Wednesday, March 9, 2011


Circle 1, Circle 2
David Smith
Recently, I've been more deliberately customizing my life to my quirky needs.  You'd think I'd have thought of that before, but no, I tried to customize myself to fit into some mythical ideal that, being neither mythical nor ideal, made me feel crummy when I didn't match up. Feeling contorted and uncomfortable seldom moved me forward.

Now I'm working within my own odd little framework, and happy with my hops and skips into changes and fun.

A few examples of how to skirt around some roadblocks:
  • Bring a friend. As the interviews and collaborative poems on this blog suggest, I do more when I have someone nudging me forward, if I feel accountable to someone else. How did I finally get over the threshold anxiety of actually taking a class at the yoga studio? Asked a friend to come along. And it was a great class complete with a teacher with a fabulous New Zealand accent, and now that the seal is broken, I'll go back easily. How did I decide to finally commit to the expense of trying a discovery test flight flying lesson in a small plane? Asked around and found another budding pilot enthusiast (test flight still pending as we had to reschedule because of high wind).
  • Go with your gut. Rather than slog forward with the first hospital I talked to about volunteering (where, for a laundry list of reasons, rational and not, I got a bad vibe), I said, you know what, there are options. I talked to another hospital volunteer coordinator yesterday at a place that is a much better fit on levels both practical and personal, and now I'm looking forward to diving into the experience.
  • Details matter; change approach. After roundly ignoring my oil paints all winter, I finally admitted oil painting fails the smell test of fun activity, particularly if you live in as small a place as I do. So I sold some of the paints, and invested the proceeds into buying more acrylic paints, a more straightforward medium for me. They don't smell, they're easy to clean up, and woohoo! I'm painting again, in the brief fits and starts that acrylics allow way more easily than oils.
  • Ask the experts. Obviously, in the interviews I've been posting, I've been asking about expertise in arts, and learning from others' art talents. In the future, in more of a healing arts bent, I'll be working with a friend who does nutritional coaching professionally (more on that later). Notably, however, her first point of advise was, work within who you are. I'm just not an eight-course meal vegan raw food chef with nine food processors and unlimited funds. That doesn't mean finding ways to eat a few more veggies wouldn't make me feel better.  
  • Love that Calder
  • Just go! Last weekend, it poured rain all day on Sunday, and by 4:30, I'd run out of steam for any creative project at home. Claustrophobia was setting in. Sunday has traditionally been museum day for me, and so a quick check on hours led me to the East Wing of the National Gallery of Art. I could have decided it wasn't worth driving downtown in the rain for 45 minutes in the museum. But the thing is, having hustled out the door and gone, it totally was. Having default places that are quick, easy, free and inspiring -- that's a fantastic resource. If it's your local coffee shop or a garden or a museum, making the effort to push out into the inspiring space means meeting inspiration half way, meaning a happier Muse. As it turns out, the Gauguin exhibit had opened, and had I not zipped out, I might have missed all those self-portraits of a very unusual man.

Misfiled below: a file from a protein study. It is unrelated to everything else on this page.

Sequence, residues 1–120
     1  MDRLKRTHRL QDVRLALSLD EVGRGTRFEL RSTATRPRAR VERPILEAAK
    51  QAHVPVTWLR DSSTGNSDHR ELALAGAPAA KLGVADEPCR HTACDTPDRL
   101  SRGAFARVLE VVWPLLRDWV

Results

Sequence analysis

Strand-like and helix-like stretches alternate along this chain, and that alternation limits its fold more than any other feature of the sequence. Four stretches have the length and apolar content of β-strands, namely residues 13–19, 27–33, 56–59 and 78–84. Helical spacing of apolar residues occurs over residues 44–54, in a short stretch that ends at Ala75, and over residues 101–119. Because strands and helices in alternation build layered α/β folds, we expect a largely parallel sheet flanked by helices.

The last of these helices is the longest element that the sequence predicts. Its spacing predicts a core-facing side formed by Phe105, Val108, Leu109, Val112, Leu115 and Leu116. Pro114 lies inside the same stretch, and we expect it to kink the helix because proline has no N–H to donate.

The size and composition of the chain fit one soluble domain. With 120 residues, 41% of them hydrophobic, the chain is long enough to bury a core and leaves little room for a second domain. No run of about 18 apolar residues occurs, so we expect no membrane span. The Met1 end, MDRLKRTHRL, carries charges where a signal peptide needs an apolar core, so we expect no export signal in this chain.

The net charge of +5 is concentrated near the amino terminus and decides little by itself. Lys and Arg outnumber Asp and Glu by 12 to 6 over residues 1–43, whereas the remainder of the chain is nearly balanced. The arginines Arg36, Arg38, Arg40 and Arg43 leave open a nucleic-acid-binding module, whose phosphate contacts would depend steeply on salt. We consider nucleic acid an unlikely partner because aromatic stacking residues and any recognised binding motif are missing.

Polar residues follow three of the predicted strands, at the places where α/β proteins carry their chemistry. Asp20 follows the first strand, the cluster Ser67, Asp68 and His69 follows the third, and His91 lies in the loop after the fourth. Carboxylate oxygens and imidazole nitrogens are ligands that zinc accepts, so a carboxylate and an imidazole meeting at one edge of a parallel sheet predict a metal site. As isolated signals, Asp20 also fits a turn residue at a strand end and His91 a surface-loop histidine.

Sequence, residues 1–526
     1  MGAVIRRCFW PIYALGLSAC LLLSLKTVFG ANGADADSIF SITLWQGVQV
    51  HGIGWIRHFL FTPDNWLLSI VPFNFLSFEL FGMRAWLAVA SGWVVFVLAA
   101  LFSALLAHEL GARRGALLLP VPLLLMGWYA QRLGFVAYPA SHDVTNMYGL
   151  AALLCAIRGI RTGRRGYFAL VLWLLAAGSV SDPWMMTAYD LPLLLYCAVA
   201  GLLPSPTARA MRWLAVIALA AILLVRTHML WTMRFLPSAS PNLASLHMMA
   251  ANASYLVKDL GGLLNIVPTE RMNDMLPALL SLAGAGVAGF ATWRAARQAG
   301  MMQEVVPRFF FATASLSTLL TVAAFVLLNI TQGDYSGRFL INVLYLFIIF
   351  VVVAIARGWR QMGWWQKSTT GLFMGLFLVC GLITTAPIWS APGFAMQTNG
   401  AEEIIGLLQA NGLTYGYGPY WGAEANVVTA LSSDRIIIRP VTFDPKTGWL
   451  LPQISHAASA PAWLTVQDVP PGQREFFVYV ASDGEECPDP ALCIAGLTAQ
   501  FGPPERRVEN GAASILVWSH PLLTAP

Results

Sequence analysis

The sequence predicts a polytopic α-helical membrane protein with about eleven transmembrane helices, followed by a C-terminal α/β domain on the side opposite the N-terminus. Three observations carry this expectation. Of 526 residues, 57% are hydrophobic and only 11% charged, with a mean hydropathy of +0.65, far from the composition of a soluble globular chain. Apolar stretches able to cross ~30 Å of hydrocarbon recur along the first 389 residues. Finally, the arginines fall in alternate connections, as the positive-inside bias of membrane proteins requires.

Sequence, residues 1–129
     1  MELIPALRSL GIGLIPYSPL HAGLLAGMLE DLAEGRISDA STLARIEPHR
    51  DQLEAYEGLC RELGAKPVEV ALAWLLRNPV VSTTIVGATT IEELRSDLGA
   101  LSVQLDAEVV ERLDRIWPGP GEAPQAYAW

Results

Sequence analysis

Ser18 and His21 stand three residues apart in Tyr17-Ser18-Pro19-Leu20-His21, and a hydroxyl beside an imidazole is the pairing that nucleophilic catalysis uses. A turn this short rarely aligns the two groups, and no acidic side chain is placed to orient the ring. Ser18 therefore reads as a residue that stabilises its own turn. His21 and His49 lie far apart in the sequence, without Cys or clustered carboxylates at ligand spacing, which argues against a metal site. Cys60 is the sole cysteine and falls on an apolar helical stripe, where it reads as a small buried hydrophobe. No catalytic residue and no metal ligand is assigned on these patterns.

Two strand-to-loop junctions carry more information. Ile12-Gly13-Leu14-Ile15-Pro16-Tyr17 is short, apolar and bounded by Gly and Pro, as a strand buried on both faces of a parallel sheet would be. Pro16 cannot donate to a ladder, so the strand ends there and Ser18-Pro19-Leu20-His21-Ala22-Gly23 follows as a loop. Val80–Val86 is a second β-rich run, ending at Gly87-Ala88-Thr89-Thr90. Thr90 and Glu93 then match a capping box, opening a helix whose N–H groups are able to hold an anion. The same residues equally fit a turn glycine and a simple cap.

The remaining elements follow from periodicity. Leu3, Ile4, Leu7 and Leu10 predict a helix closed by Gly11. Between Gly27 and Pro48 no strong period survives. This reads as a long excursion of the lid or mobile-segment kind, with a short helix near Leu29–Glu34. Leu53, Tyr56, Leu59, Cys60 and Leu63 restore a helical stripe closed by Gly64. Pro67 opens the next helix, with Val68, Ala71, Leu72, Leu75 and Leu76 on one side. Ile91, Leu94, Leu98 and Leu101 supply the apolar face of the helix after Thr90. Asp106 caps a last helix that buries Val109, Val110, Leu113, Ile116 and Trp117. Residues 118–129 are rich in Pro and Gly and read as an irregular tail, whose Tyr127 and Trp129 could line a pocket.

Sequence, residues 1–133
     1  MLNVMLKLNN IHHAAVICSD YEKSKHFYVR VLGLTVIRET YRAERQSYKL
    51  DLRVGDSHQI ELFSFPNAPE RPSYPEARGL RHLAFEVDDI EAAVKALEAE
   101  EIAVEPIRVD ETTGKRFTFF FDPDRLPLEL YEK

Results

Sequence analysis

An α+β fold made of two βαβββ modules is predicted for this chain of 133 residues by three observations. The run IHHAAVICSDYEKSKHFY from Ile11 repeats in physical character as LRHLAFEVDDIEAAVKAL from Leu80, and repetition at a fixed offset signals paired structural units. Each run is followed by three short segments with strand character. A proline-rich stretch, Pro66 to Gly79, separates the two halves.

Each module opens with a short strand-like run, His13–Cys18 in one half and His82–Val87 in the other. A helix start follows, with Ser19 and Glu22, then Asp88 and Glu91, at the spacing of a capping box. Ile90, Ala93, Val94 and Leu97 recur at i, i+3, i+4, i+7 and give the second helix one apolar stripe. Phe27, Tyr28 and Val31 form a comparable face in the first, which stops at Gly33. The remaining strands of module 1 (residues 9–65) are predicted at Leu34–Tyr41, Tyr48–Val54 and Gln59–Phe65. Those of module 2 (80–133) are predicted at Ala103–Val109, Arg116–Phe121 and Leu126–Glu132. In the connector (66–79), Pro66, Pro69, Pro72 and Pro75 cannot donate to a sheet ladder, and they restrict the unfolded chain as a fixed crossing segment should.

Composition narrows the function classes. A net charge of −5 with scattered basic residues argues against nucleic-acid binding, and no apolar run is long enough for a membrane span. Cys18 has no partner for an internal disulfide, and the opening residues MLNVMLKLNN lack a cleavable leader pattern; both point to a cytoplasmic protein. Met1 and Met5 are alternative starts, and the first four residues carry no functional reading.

So today's summary: find ways to take small steps in the direction of your dreams. And if you need to reconsider the details of that path, that's just fine too. Small steps allow for course corrections and clarifications. 
No photos allowed at the Gauguin exhibit, but I got to visit one of my favorites, Kandinsky.

Improvisation 31 (Sea Battle)
Wassily Kandinsky


  1. I love that you are spontaneous and productive with your time. Here's hoping I find inspiration in your blog!

  2. I love shirts that have a cool saying on them. One of my favorites says "the journey IS the destination." I think that's what the "small steps in the direction of your dreams" approach is all about.

    I believe that every step you take toward an ideal that doesn't match your internal compass only makes you feel more lost. The trick is figuring out what direction that compass *does* point. Experimentation and a willingness to pay attention to your natural reactions helps with that.

    I think that kind of "self awareness" is what Carlos Castaneda meant by "a path with heart."

  3. @ Shannon, Awww, thanks! I'm not sure how productive I actually am, but I'm definitely trying to be more so...

    @ Daniel, I love those types of sayings. Two 'fridge magnet I have are "Leap and the Net Will Appear" and "Not All Who Wander Are Lost." Yes, I agree on trying to work that tricky compass. I'm working on finding that path.